Slovakia’s PM Fico in EU’s Crosshairs as New ‘Headache’

Mar 20, 2024

Slovakia’s Prime Minister Robert Fico has become a voice of dissent against the Russophobic leanings of officials in Brussels, who are willing to fan the flames of the Ukraine conflict whatever the cost.

Ukraine’s patrons in Brussels have Slovakia’s Prime Minister Robert Fico in their crosshairs for a host of reasons.

Brussels has accused him of taking a page out of Hungarian Prime Minister Viktor Orbán’s book, reported POLITICO.

Just as Hungary was repeatedly the victim of ‘rule-of-law’ disciplinary proceedings brought by Brussels, there are now calls to treat Slovakia “seriously.”

Bratislava might risk losing access to European Union (EU) funds, European Parliament Vice President Martin Hojsík (PS) was cited as saying.

The EU withheld over €30 billion in cohesion and recovery funds in December 2022 over alleged violations. Orban insisted in 2023 that Hungary had met all the EU’s requirements and that the funds were being diverted to the Kiev regime. “It is possible that some of it [the money] is already in Ukraine,” he stated at the time. Budapest’s block on EU funding of Ukrainian war efforts forced Brussels to unlock €10 billion ($11 billion) of the funds to Hungary in December.

But Slovakia’s ruling coalition is the new thorn in Brussels’ side. Officials have suggested resorting to EU fund-freezing, this time with respect to Bratislava. The reported pretext is the shutting-down of the Slovak Special Prosecutor’s Office as part of criminal justice reforms Fico said on Wednesday that officials at the office had abused their authority.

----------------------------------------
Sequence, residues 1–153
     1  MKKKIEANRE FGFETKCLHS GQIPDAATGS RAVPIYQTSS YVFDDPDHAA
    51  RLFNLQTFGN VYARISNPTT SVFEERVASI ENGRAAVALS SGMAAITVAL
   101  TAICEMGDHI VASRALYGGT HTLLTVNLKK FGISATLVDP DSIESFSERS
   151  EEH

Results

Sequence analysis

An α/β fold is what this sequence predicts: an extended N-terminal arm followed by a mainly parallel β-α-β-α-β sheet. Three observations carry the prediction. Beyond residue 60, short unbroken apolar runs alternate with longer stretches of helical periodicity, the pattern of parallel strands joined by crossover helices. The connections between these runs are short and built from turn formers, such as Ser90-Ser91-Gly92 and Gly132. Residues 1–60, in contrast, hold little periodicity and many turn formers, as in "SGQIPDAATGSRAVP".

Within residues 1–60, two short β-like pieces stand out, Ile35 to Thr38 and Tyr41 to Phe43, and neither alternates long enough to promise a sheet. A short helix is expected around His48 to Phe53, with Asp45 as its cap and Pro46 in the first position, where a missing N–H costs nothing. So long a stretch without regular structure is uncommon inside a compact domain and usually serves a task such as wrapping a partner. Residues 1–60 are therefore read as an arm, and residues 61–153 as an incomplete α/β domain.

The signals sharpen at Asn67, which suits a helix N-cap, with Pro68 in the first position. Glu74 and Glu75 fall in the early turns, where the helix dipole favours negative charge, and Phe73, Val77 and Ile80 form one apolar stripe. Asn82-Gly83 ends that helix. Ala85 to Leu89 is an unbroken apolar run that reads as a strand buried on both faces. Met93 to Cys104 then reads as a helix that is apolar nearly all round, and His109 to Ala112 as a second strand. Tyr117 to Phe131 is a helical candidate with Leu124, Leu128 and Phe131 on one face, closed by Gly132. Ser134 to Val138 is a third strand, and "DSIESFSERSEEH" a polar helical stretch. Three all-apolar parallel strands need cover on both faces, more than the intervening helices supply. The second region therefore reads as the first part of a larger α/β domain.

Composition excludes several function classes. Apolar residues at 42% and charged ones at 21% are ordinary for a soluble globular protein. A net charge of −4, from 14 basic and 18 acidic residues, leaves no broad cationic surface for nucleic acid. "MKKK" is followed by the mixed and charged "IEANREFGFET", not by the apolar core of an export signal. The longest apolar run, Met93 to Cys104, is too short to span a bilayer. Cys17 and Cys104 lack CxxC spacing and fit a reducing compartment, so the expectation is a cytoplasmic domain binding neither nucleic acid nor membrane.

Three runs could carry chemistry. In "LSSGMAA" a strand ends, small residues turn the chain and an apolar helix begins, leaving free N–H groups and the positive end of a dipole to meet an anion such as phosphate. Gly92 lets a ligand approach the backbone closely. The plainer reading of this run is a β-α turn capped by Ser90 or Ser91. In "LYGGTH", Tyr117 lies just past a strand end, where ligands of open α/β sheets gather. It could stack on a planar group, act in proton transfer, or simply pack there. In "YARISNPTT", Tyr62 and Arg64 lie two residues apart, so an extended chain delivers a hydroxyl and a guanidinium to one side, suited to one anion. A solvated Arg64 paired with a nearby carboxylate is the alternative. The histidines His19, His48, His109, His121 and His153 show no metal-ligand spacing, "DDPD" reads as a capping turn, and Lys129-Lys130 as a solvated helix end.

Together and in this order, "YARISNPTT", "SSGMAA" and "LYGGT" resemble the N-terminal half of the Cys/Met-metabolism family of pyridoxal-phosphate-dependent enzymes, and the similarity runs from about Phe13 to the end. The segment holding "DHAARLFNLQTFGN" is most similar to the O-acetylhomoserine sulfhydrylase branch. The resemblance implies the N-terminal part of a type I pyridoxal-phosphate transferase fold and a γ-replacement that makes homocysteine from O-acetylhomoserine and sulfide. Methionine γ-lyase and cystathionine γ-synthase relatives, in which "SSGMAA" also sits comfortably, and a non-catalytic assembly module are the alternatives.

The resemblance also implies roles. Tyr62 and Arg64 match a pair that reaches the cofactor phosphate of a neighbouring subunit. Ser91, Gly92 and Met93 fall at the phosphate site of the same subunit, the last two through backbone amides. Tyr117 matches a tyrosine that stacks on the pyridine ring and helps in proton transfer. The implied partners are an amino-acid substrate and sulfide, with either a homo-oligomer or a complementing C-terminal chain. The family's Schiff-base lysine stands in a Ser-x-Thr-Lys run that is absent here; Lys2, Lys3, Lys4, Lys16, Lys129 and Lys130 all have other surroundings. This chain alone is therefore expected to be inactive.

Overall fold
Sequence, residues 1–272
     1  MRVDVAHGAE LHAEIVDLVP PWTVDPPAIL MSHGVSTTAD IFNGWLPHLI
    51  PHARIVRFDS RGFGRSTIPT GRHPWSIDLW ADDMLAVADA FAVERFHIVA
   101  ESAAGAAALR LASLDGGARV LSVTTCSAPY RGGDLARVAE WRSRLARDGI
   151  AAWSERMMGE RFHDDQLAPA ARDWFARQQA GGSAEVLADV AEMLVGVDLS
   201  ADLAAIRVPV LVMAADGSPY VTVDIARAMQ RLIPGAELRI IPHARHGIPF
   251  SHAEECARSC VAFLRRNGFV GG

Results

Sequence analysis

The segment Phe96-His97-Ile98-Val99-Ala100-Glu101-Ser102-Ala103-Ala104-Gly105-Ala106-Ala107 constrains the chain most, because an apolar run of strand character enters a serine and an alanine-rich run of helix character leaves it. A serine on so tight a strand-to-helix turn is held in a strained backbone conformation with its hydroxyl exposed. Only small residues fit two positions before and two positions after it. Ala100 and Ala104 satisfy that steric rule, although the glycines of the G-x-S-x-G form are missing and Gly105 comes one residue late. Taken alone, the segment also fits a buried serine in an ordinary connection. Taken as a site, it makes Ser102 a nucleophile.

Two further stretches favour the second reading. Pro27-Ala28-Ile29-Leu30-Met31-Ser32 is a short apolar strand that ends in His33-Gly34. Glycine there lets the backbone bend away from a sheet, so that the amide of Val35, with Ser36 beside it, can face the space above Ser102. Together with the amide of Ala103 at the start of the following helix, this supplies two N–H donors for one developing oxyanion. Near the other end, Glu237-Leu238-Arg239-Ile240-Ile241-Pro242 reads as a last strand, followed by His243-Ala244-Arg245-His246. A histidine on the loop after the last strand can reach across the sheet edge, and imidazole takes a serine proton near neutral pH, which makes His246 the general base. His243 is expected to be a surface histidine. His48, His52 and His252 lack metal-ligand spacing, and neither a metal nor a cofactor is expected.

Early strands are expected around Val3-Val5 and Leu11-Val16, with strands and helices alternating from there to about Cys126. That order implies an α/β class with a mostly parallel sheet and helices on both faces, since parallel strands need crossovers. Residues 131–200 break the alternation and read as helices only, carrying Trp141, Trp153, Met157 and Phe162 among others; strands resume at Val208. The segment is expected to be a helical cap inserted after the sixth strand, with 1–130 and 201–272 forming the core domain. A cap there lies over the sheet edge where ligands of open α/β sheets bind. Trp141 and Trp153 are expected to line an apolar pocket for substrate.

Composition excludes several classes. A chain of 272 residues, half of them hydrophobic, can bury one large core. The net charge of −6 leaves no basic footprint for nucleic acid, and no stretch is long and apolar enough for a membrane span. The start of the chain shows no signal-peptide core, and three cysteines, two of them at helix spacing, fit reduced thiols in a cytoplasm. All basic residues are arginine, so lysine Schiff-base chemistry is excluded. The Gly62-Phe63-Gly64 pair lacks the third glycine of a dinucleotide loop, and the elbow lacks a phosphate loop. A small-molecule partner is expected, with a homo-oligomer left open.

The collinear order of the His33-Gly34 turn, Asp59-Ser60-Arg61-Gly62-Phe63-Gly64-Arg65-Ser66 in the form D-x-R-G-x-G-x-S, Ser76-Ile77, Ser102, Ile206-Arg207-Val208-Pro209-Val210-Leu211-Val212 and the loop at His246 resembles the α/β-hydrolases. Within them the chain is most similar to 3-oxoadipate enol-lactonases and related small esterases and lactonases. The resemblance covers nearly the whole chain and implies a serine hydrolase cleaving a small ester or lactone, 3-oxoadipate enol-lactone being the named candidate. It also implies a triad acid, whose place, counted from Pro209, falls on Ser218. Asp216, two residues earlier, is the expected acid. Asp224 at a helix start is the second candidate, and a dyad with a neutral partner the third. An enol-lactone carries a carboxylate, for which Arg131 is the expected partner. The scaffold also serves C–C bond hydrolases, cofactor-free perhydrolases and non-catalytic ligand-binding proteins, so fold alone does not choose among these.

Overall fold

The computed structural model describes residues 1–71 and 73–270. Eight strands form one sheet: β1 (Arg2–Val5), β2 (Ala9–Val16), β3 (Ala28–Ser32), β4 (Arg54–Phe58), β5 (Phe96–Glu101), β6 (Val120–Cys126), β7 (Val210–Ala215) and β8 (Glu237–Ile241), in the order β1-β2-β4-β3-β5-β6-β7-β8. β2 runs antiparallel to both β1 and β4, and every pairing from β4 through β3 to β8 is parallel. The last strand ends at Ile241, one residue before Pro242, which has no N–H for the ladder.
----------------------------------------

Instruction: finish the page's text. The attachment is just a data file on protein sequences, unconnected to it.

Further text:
According to the publication, Slovak MEP and vice-president of the European Parliament Martin Hojsík urged swift measures from the EU if Fico’s government continues on an “illiberal path.” The rhetoric around Fico echoes Brussels’ narrative against Orban.

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Like Orban, Fico, who returned to government for the fourth time in 2023, opposes sending more arms to Kiev along with Ukrainian membership of NATO. He has called for rebuilding relations with Russia.

Last December Orban vetoed an increase in the EU budget for 2024-2027, including 50 billion euros ($55 billion) in macro-financial aid to Kiev.

While Orban did not veto EU accession talks with Ukraine at the time, he warned that Budapest would have “75 more opportunities” to block this process.

The Slovak PM has adopted a similarly adamant position on Ukraine. Fico’s Smer party-led government, elected in September 2023, reversed the country’s stance on the Ukraine crisis in favor of halting military aid to Kiev.

Fico, dubbed the “Slovak Orban,” stressed that aiding the Kiev regime only prolongs a conflict that Ukraine has no chance of winning.

He has repeatedly warned that Western countries could opt for the “worst solution” in the Ukraine crisis, and reiterated his stance of keeping Slovak troops out of the conflict.

Fico was highly critical of recent comments by French President Emmanuel Macron suggesting sending European NATO troops to Ukraine. The proposal was rejected by leaders across the continent, including German Chancellor Olaf Scholz.

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